More than half the world's rainforest has been lost to agriculture since the Industrial Revolution. Among the most widespread tropical crops is oil palm (Elaeis guineensis): global production now exceeds 35 million tonnes per year. In Malaysia, for example, 13% of land area is now oil palm plantation, compared with 1% in 1974. There are enormous pressures to increase palm oil production for food, domestic products, and, especially, biofuels. Greater use of palm oil for biofuel production is predicated on the assumption that palm oil is an "environmentally friendly" fuel feedstock. Here we show, using measurements and models, that oil palm plantations in Malaysia directly emit more oxides of nitrogen and volatile organic compounds than rainforest. These compounds lead to the production of ground-level ozone (O(3)), an air pollutant that damages human health, plants, and materials, reduces crop productivity, and has effects on the Earth's climate. Our measurements show that, at present, O(3) concentrations do not differ significantly over rainforest and adjacent oil palm plantation landscapes. However, our model calculations predict that if concentrations of oxides of nitrogen in Borneo are allowed to reach those currently seen over rural North America and Europe, ground-level O(3) concentrations will reach 100 parts per billion (10(9)) volume (ppbv) and exceed levels known to be harmful to human health. Our study provides an early warning of the urgent need to develop policies that manage nitrogen emissions if the detrimental effects of palm oil production on air quality and climate are to be avoided.
A high-performance liquid chromatographic method was developed to enable dapsone, monoacetyl dapsone and pyrimethamine to be measured simultaneously in plasma samples from volunteers in England and Malaysia who had been dosed with Maloprim. Mean half-lives of 25 and 80 h were calculated for dapsone and pyrimethamine, respectively, but there was wide individual variation. All subjects were found to be classifiable as "slow acetylators".
We report measurements of atmospheric composition over a tropical rainforest and over a nearby oil palm plantation in Sabah, Borneo. The primary vegetation in each of the two landscapes emits very different amounts and kinds of volatile organic compounds (VOCs), resulting in distinctive VOC fingerprints in the atmospheric boundary layer for both landscapes. VOCs over the Borneo rainforest are dominated by isoprene and its oxidation products, with a significant additional contribution from monoterpenes. Rather than consuming the main atmospheric oxidant, OH, these high concentrations of VOCs appear to maintain OH, as has been observed previously over Amazonia. The boundary-layer characteristics and mixing ratios of VOCs observed over the Borneo rainforest are different to those measured previously over Amazonia. Compared with the Bornean rainforest, air over the oil palm plantation contains much more isoprene, monoterpenes are relatively less important, and the flower scent, estragole, is prominent. Concentrations of nitrogen oxides are greater above the agro-industrial oil palm landscape than over the rainforest, and this leads to changes in some secondary pollutant mixing ratios (but not, currently, differences in ozone). Secondary organic aerosol over both landscapes shows a significant contribution from isoprene. Primary biological aerosol dominates the super-micrometre aerosol over the rainforest and is likely to be sensitive to land-use change, since the fungal source of the bioaerosol is closely linked to above-ground biodiversity.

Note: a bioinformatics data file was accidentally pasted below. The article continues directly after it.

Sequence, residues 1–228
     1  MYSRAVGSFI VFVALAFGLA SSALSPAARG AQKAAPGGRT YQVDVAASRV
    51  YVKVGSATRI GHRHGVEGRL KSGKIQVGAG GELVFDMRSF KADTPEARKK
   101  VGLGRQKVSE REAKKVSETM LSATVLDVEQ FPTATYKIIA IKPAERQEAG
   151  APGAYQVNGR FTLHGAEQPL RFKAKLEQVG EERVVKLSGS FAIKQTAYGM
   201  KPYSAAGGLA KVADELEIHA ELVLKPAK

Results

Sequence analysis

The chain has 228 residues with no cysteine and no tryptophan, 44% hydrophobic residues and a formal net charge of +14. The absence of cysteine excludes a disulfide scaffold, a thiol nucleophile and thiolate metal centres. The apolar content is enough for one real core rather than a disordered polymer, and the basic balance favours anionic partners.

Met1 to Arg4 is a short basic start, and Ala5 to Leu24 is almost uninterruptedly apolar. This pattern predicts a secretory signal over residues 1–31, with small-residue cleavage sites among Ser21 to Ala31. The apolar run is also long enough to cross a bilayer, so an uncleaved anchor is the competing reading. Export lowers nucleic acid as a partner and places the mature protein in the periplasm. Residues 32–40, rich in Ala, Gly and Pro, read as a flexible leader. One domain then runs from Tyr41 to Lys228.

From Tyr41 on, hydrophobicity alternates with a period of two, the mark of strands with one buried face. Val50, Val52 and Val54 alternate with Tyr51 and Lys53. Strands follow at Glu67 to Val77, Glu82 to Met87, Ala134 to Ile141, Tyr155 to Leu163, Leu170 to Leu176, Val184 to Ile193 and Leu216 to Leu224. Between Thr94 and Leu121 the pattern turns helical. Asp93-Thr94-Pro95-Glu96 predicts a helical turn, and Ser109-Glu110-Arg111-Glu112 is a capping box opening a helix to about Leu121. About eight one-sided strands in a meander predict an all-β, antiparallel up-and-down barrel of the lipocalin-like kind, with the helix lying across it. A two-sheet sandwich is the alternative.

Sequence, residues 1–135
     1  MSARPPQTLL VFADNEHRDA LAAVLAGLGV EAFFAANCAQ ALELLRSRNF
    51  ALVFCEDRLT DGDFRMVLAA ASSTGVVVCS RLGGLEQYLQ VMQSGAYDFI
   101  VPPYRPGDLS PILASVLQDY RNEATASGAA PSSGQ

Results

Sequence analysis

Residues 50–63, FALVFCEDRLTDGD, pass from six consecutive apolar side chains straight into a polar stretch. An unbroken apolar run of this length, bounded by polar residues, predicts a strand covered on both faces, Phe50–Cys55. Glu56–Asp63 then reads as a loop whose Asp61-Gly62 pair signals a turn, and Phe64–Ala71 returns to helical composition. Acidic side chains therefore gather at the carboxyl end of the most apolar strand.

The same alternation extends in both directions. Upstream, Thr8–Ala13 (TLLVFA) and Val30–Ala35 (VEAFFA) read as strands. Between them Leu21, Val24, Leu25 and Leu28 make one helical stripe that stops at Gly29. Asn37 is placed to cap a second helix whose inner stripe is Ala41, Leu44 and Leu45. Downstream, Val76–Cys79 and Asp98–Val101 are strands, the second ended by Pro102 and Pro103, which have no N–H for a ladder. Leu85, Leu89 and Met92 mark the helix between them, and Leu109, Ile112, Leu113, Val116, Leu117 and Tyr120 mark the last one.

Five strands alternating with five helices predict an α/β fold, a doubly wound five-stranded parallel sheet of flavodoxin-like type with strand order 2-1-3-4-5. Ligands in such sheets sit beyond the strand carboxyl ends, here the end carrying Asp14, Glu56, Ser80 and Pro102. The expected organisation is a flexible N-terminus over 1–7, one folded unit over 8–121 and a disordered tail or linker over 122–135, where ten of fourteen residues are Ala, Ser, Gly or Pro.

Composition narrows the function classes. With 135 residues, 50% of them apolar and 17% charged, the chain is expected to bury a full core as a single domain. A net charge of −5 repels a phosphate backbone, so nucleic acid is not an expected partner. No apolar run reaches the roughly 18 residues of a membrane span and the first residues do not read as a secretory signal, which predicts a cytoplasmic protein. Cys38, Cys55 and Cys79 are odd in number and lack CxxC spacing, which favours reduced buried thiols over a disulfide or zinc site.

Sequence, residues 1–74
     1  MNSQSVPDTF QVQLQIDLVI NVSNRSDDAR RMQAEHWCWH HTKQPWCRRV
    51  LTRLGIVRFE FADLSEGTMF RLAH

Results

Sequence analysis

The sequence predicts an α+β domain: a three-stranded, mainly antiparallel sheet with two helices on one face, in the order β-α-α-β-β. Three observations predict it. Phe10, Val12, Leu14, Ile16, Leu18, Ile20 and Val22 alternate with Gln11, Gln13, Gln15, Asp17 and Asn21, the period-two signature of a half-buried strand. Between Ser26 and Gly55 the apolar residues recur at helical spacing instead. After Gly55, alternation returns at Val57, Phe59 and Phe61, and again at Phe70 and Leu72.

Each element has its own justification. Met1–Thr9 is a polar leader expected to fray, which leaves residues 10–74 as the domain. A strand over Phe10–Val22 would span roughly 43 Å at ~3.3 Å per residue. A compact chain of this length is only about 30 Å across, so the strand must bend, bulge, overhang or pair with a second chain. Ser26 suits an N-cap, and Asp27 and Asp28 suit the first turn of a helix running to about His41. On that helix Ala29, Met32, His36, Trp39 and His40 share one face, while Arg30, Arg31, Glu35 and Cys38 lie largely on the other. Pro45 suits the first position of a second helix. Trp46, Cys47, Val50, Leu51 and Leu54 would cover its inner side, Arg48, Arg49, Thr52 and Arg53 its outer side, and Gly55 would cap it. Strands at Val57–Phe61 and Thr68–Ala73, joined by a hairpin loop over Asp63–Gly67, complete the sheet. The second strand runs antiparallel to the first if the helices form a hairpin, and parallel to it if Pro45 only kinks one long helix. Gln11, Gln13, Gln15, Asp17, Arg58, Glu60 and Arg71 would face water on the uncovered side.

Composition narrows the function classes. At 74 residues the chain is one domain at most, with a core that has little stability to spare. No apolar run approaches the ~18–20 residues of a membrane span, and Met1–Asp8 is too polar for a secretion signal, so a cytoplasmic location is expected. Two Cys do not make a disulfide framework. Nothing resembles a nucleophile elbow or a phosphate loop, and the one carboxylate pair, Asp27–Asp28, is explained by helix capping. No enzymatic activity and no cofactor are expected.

Assisted Reproductive Technology (ART) is a suite of laboratory techniques designed to rescue infertile phenotypes. While ART has led to the birth of 5 million ART babies worldwide, success rates rarely exceed 40%. One potential factor for this could be iatrogenic (‘clinician-induced’) damage to critical sperm proteins, such as phospholipase C zeta (PLCζ) and protamine, which are fundamental for oocyte activation and sperm DNA integrity, respectively. This report describes how we have begun to investigate the adverse effects of ART techniques upon these key sperm proteins. We also describe the pathway taken by Miss Suseela Yelumalai to acquire a scholarship from the Malaysian Government and her postgraduate experience at the University of Oxford. We introduce the facilities and learning opportunities available at the Institute of Reproductive Sciences (IRS) which houses Dr Kevin Coward’s research laboratory, and finally, highlight the potential for collaborative development between the Universities of Oxford and Malaya.